Great Britain vs Germany, in 1914

I was reading a book about WWI, and it seems that the British economy was losing out to Germany, in terms of high technology. By 1914, the Germans were outproducing the British in steel, and had surpassed the British in many areas (chemicals, ptics, magnetos and engines, electric motors and so on). Given that the British had pioneered much of this technology, why were they falling behind? In chemicals, for example, the synthetic dye industry: aniline dyes were discovered by a British chemist (Perkins), but by the 1890’s German firms (like IG Fraben, Hoechst, etc.) had taken the bulk of the market. In optics, German firms like Zeiss were far ahead of the BRitish. Was it industrial policy? Or simply more investment on the part of the Germans? Or was it better university eduction?
The British literature of the time is full of reports bemoaning the decline of British industry-what was the real cause of this?

For one thing, Germany industrialized later than Britain, so they had newer, more efficient machinery. And, as you mentioned, Germany had a good university system concentrating on engineering.

It’s like being stuck with NTSC after PAL came along.
Corelli Barnett, in his ‘Pride And The Fall’ trilogy of history books, contends that the British bias against formal [technical] education in favour of the ‘practical man’ who rose from the machine shop floor into management is responsible for a lot of it.

A small hijack, if I may. The joke is that NTSC stands for ‘Never The Same Colour’. I once heard a similar witticism for PAL, but I don’t remember it. Anyone know what it is? (Just to be clear, I’m not looking for Phase Alternating Line; but the joke meaning.)

IIRC PAL “means” ‘Picture Always Lovely’ or ‘Peace At Last’ for the quality and the stability of the signal.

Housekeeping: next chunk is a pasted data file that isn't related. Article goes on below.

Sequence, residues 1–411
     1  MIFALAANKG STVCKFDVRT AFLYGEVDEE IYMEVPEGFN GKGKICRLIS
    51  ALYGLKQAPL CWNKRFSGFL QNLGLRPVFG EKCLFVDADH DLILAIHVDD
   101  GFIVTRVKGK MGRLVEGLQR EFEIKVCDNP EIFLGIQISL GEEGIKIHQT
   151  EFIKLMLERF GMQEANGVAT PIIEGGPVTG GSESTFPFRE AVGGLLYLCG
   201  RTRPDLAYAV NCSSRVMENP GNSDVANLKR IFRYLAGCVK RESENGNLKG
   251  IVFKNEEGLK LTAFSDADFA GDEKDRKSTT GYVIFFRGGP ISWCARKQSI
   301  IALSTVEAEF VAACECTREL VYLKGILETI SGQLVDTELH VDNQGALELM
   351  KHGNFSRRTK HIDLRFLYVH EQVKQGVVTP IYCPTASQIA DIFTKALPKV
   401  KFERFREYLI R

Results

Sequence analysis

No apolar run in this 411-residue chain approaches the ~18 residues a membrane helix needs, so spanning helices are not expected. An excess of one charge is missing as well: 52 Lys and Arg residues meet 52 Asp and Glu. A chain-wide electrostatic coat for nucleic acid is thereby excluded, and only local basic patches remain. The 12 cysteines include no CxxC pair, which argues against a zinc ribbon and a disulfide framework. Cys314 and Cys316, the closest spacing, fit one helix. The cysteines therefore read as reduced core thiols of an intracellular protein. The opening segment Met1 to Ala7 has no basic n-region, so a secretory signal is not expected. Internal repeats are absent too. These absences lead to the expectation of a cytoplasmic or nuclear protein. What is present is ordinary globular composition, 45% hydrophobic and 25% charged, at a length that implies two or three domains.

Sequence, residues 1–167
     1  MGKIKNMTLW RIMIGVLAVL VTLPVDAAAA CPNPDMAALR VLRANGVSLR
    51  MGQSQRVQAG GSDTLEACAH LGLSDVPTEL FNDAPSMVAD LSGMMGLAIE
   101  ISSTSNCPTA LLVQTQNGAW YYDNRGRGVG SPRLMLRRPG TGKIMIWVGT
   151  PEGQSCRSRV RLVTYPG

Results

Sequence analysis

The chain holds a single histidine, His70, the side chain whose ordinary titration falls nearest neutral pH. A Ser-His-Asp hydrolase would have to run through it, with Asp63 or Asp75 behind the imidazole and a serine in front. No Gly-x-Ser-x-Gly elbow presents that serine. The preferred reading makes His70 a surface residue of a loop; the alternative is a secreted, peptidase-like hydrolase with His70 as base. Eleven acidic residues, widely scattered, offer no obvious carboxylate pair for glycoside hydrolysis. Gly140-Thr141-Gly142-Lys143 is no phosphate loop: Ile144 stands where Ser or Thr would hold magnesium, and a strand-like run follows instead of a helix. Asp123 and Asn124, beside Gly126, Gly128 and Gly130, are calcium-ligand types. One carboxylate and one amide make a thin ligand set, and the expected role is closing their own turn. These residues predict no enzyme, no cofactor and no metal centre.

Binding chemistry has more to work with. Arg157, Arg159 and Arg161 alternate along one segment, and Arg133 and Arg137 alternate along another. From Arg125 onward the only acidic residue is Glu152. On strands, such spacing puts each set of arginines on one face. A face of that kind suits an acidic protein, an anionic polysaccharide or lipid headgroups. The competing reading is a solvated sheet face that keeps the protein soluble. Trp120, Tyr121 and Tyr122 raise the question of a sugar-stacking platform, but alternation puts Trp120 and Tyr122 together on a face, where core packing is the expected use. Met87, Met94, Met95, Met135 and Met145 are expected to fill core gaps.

It was a case of Britain being a towering oak that had once stood amidst saplings; the oak was as tall as ever, but the saplings were growing up and Britain was increasingly finding itself just another tree in the forest. Britain’s position by the middle-nineteenth century was so preeminent that virtually any major shift in global production technology would be to Britain’s detriment- there was nowhere to go but down. And this came to pass when railroads allowed landbound countries to achieve the same degree of industry and commerce that had formerly been the exclusive domain of maritime powers. The unification and industrialization of modern Germany restored almost something like the preeminence that the Holy Roman Empire had once had in the same general region. Add to this that the United States, with virtually all the advantages of Britain and simply larger to boot, became an economic competitor at the same time. It wasn’t that Britain did anything wrong, (except perhaps being overinvested in a status quo that was becoming obsolete) so much that the peculiar circumstances that had allowed a tiny island nation to become the greatest imperial power in the world slowly evaporated.

The Germans pioneered organic chemistry more than any other nation, they were significantly ahead of the UK by WW1. Their chemical industry was grown by students of the iconic chemists working in the 1800s, Wohler, Kolbe, Von Baeyer, Liebig, Bunsen, Kekule etc etc. No country has the heritage of Germany in organic chemistry during the 1800s / early 1900s.

The Germans had prepared far better for war, had practiced indirect fire for artillery for example.

It also true that German economists realised that if GB did come into conflict with them, then access to overseas markets, raw materials and engineered products would be lost, along with access to cheaper imported food and grain.One serious expectation was that acces to nitrate deposits would be lost, which in turn would affect both explosives manufacture and fertiliser manufacture - hence the heavy investment in the chemical industry.

Their objective was to win quickly, which is what their military had planned for.

They also knew that if they could not win inside 2 years, their economy would be shot, that their own production would be falling whilst that of GB would be outsrtipping them.

In the event, they did not put France out of the picture, and the British and French military had more access to greater resources (for that read US industrial production), whilst their military learned the hard way how to handle them.